As Lithuania’s capital and largest city, Vilnius is a major stop along the Baltic route, and an adorable little city with only half a million people and just as many cobblestones. I think.
Although more and more backpackers are heading over to Eastern Europe, the Baltic countries are still far enough away from the main circuit that you’ll have no trouble finding quiet streets and cafés to yourself. Vilnius can be explored in a day or two, but you won’t mind spending an extra afternoon or two wandering around its old town or lounging around on the riverbanks either.
Things to see in Vilnius
Old town: The best cities are those without any particular attraction, but so many beautiful old buildings that wandering around is the best part of the visit. The old town of Vilnius is a UNESCO World Heritage Site, with buildings dating back to the 13th century. Much of the neighborhood used to be a Jewish ghetto, but is now the charming city center.
Uzupis: A Bohemian district inhabited by would-be artists and others creative types, Uzupis actually declared itself an independent republic in 1998, and its “citizens” enjoy their own flag and national anthem. If you visit on April Fool’s day, you can get your passport stamped by fake border guards. On other days, it’s just a nice neighborhood to wander.
Riverbank wandering: The rather picturesque river is bordered by grass and trees, and makes a great mid-afternoon lazy wandering activity, and a great picnic spot.
Gediminas Tower: Climb up the hill to reach what used to be a castle, named after a 14th century Grand Duke of Lithuania, where you’ll find some rather picturesque views of the city.
Vilnius Cathedral: This shining white classical church has some interesting exhibits, including the catacombs and the tower, and sits rather prominently on a major square. The bright white classical façade will no doubt bring to mind other modern government buildings, but remember they’re all copying the Greeks anyway.
Other churches: Vilnius and Lithuania have no shortage of religious attractions, which cover a number of architectural styles. These include St. Ann’s (Gothic), St. Peter and Paul’s (Baroque), and plenty of others.
Frank Zappa Statue: Perhaps the most famous of all Vilnius tourist attractions, this bust of the ethnically Lithuanian musician is an offbeat site for fans of the man and his music.
Three Crosses Hill: Another monument to Lithuania’s tense past with Soviet occupation, this monument has been destroyed and rebuilt several times. The hill offers nice views of the city as well.
Museum of Genocide Victims: This former KGB headquarters is a must for anyone wanting a deeper understanding of this region’s history of Soviet occupation. Visiting the prison cells is a rather eerie experience.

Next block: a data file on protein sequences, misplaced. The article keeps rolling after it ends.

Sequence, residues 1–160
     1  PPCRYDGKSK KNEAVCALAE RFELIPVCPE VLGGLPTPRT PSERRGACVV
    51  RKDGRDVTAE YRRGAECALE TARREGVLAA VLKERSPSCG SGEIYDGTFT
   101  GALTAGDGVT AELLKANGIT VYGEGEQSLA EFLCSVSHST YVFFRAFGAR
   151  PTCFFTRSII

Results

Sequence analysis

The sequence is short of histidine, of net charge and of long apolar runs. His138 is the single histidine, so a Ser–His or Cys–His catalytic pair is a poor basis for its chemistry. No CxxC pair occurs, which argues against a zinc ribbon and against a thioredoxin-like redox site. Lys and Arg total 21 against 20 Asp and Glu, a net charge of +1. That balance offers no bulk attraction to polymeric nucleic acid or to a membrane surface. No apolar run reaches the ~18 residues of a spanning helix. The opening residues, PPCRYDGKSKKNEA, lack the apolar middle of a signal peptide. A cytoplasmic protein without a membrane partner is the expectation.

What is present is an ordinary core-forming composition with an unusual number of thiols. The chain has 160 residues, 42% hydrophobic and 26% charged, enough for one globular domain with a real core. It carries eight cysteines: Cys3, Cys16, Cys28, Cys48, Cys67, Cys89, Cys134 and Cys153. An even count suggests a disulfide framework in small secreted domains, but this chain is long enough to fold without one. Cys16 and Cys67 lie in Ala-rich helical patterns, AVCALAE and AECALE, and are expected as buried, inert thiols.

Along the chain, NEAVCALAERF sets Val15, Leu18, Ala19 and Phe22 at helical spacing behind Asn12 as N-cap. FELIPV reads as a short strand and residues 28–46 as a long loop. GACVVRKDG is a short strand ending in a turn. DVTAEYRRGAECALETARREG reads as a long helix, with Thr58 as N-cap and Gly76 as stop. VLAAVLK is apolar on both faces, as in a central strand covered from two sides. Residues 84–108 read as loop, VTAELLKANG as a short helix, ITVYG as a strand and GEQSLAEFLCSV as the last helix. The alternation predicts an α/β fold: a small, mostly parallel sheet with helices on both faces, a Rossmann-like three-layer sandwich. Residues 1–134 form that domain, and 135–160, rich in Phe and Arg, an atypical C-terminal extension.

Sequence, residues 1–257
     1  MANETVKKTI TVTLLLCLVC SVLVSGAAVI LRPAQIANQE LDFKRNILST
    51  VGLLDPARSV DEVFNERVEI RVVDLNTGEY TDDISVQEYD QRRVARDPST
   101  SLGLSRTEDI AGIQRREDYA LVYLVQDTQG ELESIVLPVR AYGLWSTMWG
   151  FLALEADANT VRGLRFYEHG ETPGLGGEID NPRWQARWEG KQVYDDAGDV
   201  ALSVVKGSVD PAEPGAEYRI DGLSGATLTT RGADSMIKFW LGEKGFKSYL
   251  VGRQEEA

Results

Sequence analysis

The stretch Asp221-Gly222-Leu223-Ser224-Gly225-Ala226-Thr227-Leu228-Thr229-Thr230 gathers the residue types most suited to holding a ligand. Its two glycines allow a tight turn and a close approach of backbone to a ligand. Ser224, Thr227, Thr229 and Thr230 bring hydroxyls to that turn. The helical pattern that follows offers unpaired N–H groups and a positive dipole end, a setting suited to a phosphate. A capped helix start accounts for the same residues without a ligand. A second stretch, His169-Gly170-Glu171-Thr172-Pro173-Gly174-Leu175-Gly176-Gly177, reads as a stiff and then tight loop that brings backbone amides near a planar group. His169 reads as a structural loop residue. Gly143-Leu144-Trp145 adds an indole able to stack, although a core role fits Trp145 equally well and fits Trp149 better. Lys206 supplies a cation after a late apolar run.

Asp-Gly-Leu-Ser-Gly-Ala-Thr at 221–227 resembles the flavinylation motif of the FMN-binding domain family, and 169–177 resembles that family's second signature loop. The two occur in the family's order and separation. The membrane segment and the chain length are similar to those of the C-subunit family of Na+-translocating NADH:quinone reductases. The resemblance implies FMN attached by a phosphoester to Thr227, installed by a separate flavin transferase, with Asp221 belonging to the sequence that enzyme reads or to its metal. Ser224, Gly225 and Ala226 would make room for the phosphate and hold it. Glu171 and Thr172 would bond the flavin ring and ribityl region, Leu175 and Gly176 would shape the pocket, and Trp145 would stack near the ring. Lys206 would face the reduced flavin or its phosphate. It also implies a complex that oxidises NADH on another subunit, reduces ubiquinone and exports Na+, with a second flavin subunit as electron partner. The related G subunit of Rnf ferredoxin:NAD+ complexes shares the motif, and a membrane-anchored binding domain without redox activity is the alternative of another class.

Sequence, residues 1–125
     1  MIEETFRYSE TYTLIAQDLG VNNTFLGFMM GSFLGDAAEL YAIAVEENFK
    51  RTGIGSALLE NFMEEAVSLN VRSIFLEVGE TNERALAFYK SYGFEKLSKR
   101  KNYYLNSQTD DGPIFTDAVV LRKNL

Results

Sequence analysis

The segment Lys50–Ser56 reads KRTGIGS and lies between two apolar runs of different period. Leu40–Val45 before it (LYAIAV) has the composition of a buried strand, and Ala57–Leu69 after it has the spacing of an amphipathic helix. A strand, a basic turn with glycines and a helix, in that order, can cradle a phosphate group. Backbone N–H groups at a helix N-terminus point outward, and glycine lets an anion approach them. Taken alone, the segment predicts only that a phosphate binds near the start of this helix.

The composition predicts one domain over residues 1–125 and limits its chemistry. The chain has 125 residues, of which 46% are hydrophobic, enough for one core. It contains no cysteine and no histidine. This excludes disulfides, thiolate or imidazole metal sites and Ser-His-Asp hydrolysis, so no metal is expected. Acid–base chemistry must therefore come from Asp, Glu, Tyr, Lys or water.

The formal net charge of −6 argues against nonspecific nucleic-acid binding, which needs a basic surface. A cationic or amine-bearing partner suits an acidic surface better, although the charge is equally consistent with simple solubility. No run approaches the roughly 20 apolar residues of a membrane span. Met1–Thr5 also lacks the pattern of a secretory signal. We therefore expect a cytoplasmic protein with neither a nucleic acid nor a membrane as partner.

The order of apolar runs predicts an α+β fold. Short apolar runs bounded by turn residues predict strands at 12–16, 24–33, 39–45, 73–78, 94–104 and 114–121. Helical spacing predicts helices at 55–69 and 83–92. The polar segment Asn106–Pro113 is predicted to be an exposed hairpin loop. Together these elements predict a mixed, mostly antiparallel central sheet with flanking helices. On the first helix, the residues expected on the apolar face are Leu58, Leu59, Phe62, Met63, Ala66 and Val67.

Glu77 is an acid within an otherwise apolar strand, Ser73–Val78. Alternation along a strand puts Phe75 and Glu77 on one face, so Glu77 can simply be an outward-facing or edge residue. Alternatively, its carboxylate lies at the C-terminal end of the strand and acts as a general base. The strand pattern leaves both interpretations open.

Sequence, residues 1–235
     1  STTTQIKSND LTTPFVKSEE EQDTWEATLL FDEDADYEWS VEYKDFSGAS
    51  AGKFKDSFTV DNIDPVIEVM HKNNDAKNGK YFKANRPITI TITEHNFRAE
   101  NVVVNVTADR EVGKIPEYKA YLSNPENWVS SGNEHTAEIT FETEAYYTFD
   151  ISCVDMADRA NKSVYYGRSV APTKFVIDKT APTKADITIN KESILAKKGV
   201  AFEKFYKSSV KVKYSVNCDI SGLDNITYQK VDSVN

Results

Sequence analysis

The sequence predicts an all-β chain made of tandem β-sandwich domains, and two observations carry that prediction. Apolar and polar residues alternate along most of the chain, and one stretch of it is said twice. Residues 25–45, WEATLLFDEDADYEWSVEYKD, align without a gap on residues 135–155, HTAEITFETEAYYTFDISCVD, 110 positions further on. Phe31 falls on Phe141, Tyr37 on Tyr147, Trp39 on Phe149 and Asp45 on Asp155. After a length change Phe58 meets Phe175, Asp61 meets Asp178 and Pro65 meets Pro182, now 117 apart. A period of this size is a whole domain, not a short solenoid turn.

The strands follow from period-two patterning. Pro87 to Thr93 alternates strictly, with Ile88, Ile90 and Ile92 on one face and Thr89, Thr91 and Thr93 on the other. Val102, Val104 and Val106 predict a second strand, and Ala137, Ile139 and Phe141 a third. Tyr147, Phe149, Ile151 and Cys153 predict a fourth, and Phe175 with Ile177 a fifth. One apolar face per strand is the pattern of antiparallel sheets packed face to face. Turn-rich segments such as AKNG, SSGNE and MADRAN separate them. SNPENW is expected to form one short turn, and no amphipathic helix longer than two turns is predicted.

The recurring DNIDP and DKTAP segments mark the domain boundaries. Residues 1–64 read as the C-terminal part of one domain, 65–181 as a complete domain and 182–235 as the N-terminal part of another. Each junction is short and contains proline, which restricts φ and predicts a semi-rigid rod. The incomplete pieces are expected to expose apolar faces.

National Museum of Lithuania: For a country whose artistry is largely unknown outside its own borders, this is a great way to sample the country’s cultural and artistic heritage.
Vilnius Artillery Bastion: Though recently closed to the public, the outside of this old defensive wall is still a nice place to wander, and the park offers shady places to relax.
Fun things to do in Vilnius
There’s no shortage of activity in Vilnius, and the restaurants, bars, and cafés will offer plenty, but you can also enjoy some alternative entertainment as a way to see the city a little differently.
- Segway tour: Don’t worry about looking dorky while you’re scooting around the city. You’ll see more than anyone else.
- Bike tour: Get some exercise and cover serious ground biking around town.
- Hot air balloon tour: What’s really great is that people on the ground
get to practice their archery skills on youwill be super jealous.
Day trips from Vilnius
You’ll find some great opportunities for nearby sightseeing. Lithuania is a cozy little place, and although you could easily spend the night in any of these smaller cities or towns, even going from one end of Lithuania to another in a day isn’t so bad.
Trakai: A picturesque red brick castle sits on a lake just half an hour from Vilnius. This is the perfect Vilnius day trip.
Hill of Crosses: Maybe a couple hours from Vilnius, near the town of Siauliai, this massive protest monument consists of countless numbers of crucifixes. Lithuanians played a dangerous game during the Soviet occupation, replacing every cross the Soviets bulldozed. Check out details here.
Well, hopefully you’ll have plenty of things to see in Vilnius. It’s a small, easily walkable city that offers plenty of charm, interesting historical and architectural sites, all rather far away from the beaten tourist track.
And check out list of some attractions from the rest of the country.
Any can’t-miss sites you’d like to mention? Let everyone know!